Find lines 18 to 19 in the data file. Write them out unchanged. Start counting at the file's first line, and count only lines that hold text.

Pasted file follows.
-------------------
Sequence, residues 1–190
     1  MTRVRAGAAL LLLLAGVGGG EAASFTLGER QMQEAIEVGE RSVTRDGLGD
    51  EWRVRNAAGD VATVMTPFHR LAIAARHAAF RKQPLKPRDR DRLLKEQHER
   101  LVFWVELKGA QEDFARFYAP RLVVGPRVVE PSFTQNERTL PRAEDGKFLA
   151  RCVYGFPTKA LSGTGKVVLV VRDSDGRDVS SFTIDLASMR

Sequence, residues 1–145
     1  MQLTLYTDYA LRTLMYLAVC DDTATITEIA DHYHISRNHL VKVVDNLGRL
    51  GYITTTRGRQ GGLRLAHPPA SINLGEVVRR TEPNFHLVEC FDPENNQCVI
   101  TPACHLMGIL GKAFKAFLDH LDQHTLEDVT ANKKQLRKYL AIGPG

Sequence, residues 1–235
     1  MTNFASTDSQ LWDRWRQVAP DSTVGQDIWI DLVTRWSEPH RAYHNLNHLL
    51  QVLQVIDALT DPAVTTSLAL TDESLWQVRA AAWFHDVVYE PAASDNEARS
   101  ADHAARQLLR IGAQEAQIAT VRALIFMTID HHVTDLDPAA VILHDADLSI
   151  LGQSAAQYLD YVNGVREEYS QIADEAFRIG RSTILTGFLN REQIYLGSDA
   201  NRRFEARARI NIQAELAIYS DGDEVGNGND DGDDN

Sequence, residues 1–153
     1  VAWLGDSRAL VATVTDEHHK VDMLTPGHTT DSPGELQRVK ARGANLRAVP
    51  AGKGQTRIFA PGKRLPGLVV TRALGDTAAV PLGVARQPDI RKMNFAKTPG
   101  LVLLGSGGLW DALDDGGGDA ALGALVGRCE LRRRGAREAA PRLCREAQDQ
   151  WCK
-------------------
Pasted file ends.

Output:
    51  AGKGQTRIFA PGKRLPGLVV TRALGDTAAV PLGVARQPDI RKMNFAKTPG
   101  LVLLGSGGLW DALDDGGGDA ALGALVGRCE LRRRGAREAA PRLCREAQDQ